Ranking County State Horizontal Well Count - March 2023 Daily Production (Mcf/d) - March 2023
1 EOG Texas & New Mexico 2,368 1.698,639
2 Devon Energy Texas & New Mexico 2,061 1.188,930
3 Occidental Texas & New Mexico 1,963 1.145,230
4 Exxon Mobil Texas & New Mexico 979 995,611
5 Coterra Energy Texas & New Mexico 1,102 958,317
6 ConocoPhillips Texas & New Mexico 2,610 957,687
7 Mewbourne Oil Texas & New Mexico 1,139 857,239
8 Chevron Texas & New Mexico 975 701,867
9 Apache Texas & New Mexico 593 442,296
10 Permian Resources Texas & New Mexico 750 432,742
11 Tap Rock Resources Texas & New Mexico 328 387,341
12 Matador Resources Company Texas & New Mexico 583 362,464
13 Earthstone Energy Texas 248 291,253
14 Diamondback Texas & New Mexico 692 265,886
15 BP Texas 282 231,874
16 Kaiser Francis New Mexico 159 221,557
17 Callon Texas 516 177,642
18 BTA Oil Texas & New Mexico 240 163,064
19 PDC Texas 144 127,854
20 Marathon New Mexico 167 90,029
21 Rio Oil & Gas Texas 46 86,882
22 Continental Resources Texas & New Mexico 350 68,704
23 Capitan Energy Texas 75 64,132
24 Franklin Mountain Energy New Mexico 70 56,786
25 Petro-Hunt Texas 106 54,261
26 PRI Operating Texas 177 45,026
27 Battalion Oil Texas 110 42,787
28 Tall City Texas 65 39,095
29 CP Exploration III Texas 21 35,795
30 Ameredev Texas & New Mexico 46 35,107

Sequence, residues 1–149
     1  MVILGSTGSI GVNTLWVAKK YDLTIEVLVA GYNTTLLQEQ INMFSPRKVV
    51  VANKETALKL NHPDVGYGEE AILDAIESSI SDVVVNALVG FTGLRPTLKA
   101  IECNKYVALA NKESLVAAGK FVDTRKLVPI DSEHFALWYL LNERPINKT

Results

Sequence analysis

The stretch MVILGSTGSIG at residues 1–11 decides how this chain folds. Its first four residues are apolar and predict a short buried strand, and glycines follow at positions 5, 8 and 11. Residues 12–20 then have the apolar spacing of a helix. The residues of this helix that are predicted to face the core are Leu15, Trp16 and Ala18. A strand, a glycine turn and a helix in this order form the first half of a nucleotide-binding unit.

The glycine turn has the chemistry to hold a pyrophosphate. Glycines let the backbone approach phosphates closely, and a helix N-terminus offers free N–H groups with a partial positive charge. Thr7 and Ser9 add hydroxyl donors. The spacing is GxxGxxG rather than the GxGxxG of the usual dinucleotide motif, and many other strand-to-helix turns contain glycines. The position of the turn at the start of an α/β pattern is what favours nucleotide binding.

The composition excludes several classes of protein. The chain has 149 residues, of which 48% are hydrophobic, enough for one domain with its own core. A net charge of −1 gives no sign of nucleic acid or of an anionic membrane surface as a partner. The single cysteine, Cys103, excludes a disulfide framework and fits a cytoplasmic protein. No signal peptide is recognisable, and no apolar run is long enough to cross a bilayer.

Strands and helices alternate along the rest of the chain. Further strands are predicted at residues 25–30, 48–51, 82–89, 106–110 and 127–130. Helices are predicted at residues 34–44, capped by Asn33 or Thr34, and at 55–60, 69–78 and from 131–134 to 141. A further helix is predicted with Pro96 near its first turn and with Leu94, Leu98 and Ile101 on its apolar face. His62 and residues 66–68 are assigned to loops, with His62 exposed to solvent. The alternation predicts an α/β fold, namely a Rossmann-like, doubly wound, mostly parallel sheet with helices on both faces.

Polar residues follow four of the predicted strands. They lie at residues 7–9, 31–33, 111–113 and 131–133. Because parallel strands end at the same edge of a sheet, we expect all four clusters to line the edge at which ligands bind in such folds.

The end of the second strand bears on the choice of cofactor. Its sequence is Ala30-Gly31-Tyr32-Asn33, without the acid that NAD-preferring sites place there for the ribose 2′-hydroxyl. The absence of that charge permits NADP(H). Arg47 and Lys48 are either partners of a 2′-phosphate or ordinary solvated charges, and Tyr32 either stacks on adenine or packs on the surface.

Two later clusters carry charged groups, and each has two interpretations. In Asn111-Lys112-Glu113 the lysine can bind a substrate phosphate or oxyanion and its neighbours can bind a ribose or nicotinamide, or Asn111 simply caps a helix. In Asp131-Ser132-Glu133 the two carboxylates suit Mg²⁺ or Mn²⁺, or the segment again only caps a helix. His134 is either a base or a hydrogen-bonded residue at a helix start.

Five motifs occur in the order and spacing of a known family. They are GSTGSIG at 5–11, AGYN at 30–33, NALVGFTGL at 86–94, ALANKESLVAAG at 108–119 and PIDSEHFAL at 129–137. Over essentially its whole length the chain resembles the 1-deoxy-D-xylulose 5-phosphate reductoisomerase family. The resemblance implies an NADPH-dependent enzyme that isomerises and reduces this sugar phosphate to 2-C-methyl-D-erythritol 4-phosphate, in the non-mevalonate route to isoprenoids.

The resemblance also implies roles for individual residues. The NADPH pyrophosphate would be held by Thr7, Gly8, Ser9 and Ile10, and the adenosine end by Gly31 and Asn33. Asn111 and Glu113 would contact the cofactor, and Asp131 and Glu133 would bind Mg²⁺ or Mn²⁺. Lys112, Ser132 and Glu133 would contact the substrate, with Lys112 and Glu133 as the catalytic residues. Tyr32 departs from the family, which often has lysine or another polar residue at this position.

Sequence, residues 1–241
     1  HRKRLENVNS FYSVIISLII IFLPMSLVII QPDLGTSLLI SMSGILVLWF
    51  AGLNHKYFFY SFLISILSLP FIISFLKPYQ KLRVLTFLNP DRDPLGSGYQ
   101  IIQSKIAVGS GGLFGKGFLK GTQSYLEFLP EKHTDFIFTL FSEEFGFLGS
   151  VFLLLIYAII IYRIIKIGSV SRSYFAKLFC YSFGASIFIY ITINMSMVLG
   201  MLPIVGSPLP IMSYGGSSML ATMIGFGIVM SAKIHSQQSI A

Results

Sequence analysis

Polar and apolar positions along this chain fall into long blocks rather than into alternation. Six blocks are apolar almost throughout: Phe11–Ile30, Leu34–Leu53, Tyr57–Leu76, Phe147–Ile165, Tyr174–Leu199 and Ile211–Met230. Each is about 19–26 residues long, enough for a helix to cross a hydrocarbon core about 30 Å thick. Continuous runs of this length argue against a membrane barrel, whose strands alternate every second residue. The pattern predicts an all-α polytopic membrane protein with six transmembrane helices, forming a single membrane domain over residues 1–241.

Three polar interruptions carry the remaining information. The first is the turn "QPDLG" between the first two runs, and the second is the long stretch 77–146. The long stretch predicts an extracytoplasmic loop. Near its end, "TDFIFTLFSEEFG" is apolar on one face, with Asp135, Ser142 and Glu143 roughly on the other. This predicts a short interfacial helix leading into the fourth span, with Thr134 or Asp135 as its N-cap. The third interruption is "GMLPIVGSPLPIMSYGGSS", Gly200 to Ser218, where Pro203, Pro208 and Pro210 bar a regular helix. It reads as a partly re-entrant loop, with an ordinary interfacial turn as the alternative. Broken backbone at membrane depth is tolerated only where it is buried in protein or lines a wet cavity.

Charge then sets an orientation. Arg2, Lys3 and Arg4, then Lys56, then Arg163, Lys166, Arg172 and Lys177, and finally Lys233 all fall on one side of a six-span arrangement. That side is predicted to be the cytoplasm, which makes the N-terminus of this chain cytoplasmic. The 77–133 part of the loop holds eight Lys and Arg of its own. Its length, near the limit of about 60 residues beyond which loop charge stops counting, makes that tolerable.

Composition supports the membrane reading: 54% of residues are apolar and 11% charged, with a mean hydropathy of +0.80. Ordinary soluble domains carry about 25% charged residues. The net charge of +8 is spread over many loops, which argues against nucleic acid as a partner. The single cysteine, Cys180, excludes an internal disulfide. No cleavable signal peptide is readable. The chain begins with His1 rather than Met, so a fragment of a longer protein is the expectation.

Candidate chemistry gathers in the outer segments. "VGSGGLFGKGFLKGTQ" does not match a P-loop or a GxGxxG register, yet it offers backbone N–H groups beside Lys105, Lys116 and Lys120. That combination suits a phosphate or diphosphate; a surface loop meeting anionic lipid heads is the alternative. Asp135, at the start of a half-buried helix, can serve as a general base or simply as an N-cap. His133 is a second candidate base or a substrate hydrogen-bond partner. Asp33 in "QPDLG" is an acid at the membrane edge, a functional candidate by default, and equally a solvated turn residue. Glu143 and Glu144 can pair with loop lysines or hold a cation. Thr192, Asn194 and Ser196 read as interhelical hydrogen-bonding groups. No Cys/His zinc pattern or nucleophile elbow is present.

31 Upcurve Energy Texas 44 34,851
32 Maple Energy Holdings Texas 74 34,415
33 Spur Energy New Mexico 135 32,415
34 Vital Energy Texas 108 32,357
35 Lime Rock Resources Texas & New Mexico 135 28,857
36 Point Energy Partners Texas 75 21,228
37 1920 Energy Texas 20 17,852
38 US Energy Development Texas 23 15,092
39 Bosque Texas Oil Texas 8 13,808
40 Caza Operating New Mexico 53 13,167
41 Circle-S Energy Texas 32 12,092
42 Gordy Oil Texas 42 11,598
43 Encore Texas 16 11,485
44 Murchison Oil & Gas New Mexico 54 10,785
45 Alchemist Energy Texas 11 10,211
46 Revenir Energy New Mexico 48 8,528
47 Ascent Resources New Mexico 25 8,322
48 Manti Texas 40 5,943
49 BC New Mexico 35 5,904
50 Rover Petroleum Texas 5 4,252

Natural resources in the Delaware Basin

In addition to its primary hydrocarbon resources, the Delaware Basin is known to contain various other natural resources. Sylvite, Langbeinite, Halite (rock salt), Sulfur, and Uranium have been identified within the basin.

Sylvite, discovered in 1925, has been utilized for the production of potassium salts, commonly known as Potash. Halite, a byproduct of potash mining, has also been extracted. These minerals were deposited as evaporites after the Permian seas that formed the Wolfcamp and Bone Spring formations dried up, leaving behind thousands of feet of mineral-rich strata. Notably, the Carlsbad area in New Mexico has served as a prominent potash district, supplying a significant portion of the potassium produced in the United States.